ICD-10 Diagnosis Code S38.002D

Crushing inj unsp external genital organs, female, subs

Diagnosis Code S38.002D

ICD-10: S38.002D
Short Description: Crushing inj unsp external genital organs, female, subs
Long Description: Crushing injury of unspecified external genital organs, female, subsequent encounter
This is the 2019 version of the ICD-10-CM diagnosis code S38.002D

Valid for Submission
The code S38.002D is valid for submission for HIPAA-covered transactions.

Code Classification
  • Injury, poisoning and certain other consequences of external causes (S00–T98)
    • Injuries to the abdomen, lower back, lumbar spine, pelvis and external genitals (S30-S39)
      • Crush inj & traum amp of abd,low back, pelv & extrn genitals (S38)
Version 2019 Billable Code Diagnoses For Females Only POA Exempt

Information for Medical Professionals


Code Edits
The following edits are applicable to this code:
Diagnoses for females only - Diagnoses for females only.

Convert to ICD-9
  • V58.89 - Other specfied aftercare (Approximate Flag)

Present on Admission (POA)
The code S38.002D is exempt from POA reporting.

Synonyms
  • Crush injury of perineum
  • Crush injury of perineum
  • Crush injury, vulva
  • Crushing injury of external genitalia
  • Crushing injury of external genitalia
  • Crushing injury of female external genitalia

Information for Patients


Vulvar Disorders

The vulva is the external part of a woman's genitals. Some problems you can have with the vulvar area include

  • Vaginitis or vulvovaginitis, swelling or infection of the vulva and vagina
  • Skin problems due to allergy
  • Vulvar cancer
  • Vulvodynia, or vulvar pain

Symptoms may include redness, itching, pain, or cracks in the skin. Treatment depends on the cause.

  • Vulvodynia (Medical Encyclopedia)
  • Vulvovaginitis - overview (Medical Encyclopedia)

[Read More]

Wounds and Injuries

Also called: Traumatic injuries

An injury is damage to your body. It is a general term that refers to harm caused by accidents, falls, hits, weapons, and more. In the U.S., millions of people injure themselves every year. These injuries range from minor to life-threatening. Injuries can happen at work or play, indoors or outdoors, driving a car, or walking across the street.

Wounds are injuries that break the skin or other body tissues. They include cuts, scrapes, scratches, and punctured skin. They often happen because of an accident, but surgery, sutures, and stitches also cause wounds. Minor wounds usually aren't serious, but it is important to clean them. Serious and infected wounds may require first aid followed by a visit to your doctor. You should also seek attention if the wound is deep, you cannot close it yourself, you cannot stop the bleeding or get the dirt out, or it does not heal.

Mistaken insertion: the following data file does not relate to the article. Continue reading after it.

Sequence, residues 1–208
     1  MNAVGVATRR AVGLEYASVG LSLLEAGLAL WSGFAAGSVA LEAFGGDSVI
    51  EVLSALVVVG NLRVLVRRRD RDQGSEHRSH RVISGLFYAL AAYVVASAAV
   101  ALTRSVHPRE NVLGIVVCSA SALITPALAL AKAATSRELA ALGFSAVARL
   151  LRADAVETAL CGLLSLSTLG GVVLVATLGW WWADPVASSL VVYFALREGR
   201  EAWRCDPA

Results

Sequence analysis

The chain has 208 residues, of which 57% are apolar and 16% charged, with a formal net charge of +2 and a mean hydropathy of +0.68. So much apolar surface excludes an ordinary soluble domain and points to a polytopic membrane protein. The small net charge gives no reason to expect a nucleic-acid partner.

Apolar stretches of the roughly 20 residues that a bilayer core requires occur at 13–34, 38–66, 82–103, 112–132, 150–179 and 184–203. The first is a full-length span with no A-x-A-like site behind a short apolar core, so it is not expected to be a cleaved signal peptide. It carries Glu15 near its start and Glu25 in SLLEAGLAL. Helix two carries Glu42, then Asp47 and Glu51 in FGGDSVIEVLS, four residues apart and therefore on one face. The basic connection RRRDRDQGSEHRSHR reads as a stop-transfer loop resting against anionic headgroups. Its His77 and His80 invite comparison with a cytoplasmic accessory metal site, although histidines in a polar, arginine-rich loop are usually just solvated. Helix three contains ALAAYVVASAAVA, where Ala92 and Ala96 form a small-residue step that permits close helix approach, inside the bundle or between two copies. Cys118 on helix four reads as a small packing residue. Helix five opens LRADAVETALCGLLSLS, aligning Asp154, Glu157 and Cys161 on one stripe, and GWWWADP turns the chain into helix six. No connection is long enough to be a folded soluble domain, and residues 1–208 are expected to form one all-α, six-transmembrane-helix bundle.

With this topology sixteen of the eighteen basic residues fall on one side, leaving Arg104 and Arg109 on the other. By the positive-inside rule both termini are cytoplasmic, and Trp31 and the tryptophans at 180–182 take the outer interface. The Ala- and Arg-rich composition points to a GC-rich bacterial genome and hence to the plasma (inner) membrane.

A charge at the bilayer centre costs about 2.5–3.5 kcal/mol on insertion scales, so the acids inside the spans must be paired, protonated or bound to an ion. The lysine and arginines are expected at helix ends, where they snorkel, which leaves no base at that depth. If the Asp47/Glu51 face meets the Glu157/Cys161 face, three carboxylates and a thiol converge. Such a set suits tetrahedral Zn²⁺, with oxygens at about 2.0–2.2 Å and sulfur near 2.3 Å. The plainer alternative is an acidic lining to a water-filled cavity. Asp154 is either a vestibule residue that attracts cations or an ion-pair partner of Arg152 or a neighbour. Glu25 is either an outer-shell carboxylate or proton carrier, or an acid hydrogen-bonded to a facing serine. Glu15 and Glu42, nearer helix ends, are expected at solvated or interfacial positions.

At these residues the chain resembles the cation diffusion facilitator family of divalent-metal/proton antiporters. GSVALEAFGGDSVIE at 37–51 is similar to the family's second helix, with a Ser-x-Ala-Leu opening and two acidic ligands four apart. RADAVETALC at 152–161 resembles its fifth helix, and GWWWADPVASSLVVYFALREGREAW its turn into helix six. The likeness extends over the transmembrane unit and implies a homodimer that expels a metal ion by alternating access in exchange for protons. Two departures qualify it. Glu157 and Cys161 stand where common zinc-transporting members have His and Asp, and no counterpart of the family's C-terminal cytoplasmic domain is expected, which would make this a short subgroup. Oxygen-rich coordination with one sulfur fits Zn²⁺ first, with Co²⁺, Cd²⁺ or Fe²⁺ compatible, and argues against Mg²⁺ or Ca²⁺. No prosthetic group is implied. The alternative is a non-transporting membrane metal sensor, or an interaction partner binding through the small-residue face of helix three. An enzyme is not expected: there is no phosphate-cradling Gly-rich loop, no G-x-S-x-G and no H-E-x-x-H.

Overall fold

Other common types of injuries include

  • Animal bites
  • Bruises
  • Burns
  • Dislocations
  • Electrical injuries
  • Fractures
  • Sprains and strains
  • Bleeding (Medical Encyclopedia)
  • Crush injury (Medical Encyclopedia)
  • Cuts and puncture wounds (Medical Encyclopedia)
  • Electrical injury (Medical Encyclopedia)
  • Gunshot wounds -- aftercare (Medical Encyclopedia)
  • How wounds heal (Medical Encyclopedia)
  • Laceration - sutures or staples - at home (Medical Encyclopedia)
  • Lacerations - liquid bandage (Medical Encyclopedia)
  • Surgical wound care (Medical Encyclopedia)
  • Surgical wound infection - treatment (Medical Encyclopedia)
  • Wet to dry dressing changes (Medical Encyclopedia)
  • Wound care centers (Medical Encyclopedia)

[Read More]

ICD-10 Footnotes

General Equivalence Map Definitions
The ICD-10 and ICD-9 GEMs are used to facilitate linking between the diagnosis codes in ICD-9-CM and the new ICD-10-CM code set. The GEMs are the raw material from which providers, health information vendors and payers can derive specific applied mappings to meet their needs.

  • Approximate Flag - The approximate flag is on, indicating that the relationship between the code in the source system and the code in the target system is an approximate equivalent.
  • No Map Flag - The no map flag indicates that a code in the source system is not linked to any code in the target system.
  • Combination Flag - The combination flag indicates that more than one code in the target system is required to satisfy the full equivalent meaning of a code in the source system.

Present on Admission
The Present on Admission (POA) indicator is used for diagnosis codes included in claims involving inpatient admissions to general acute care hospitals. POA indicators must be reported to CMS on each claim to facilitate the grouping of diagnoses codes into the proper Diagnostic Related Groups (DRG). CMS publishes a listing of specific diagnosis codes that are exempt from the POA reporting requirement.

Previous Code
S38.002A
Next Code
S38.002S